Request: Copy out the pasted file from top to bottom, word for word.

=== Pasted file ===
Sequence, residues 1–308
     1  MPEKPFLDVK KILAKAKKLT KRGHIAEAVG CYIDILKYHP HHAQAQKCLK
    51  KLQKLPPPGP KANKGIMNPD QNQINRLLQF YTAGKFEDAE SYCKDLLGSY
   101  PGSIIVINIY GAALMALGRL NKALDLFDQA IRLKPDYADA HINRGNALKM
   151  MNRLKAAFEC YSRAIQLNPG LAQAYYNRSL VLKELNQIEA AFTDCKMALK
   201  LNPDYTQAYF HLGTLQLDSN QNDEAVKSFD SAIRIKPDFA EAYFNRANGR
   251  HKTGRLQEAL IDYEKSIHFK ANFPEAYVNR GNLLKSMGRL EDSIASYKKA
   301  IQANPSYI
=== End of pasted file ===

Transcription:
Sequence, residues 1–308
     1  MPEKPFLDVK KILAKAKKLT KRGHIAEAVG CYIDILKYHP HHAQAQKCLK
    51  KLQKLPPPGP KANKGIMNPD QNQINRLLQF YTAGKFEDAE SYCKDLLGSY
   101  PGSIIVINIY GAALMALGRL NKALDLFDQA IRLKPDYADA HINRGNALKM
   151  MNRLKAAFEC YSRAIQLNPG LAQAYYNRSL VLKELNQIEA AFTDCKMALK
   201  LNPDYTQAYF HLGTLQLDSN QNDEAVKSFD SAIRIKPDFA EAYFNRANGR
   251  HKTGRLQEAL IDYEKSIHFK ANFPEAYVNR GNLLKSMGRL EDSIASYKKA
   301  IQANPSYI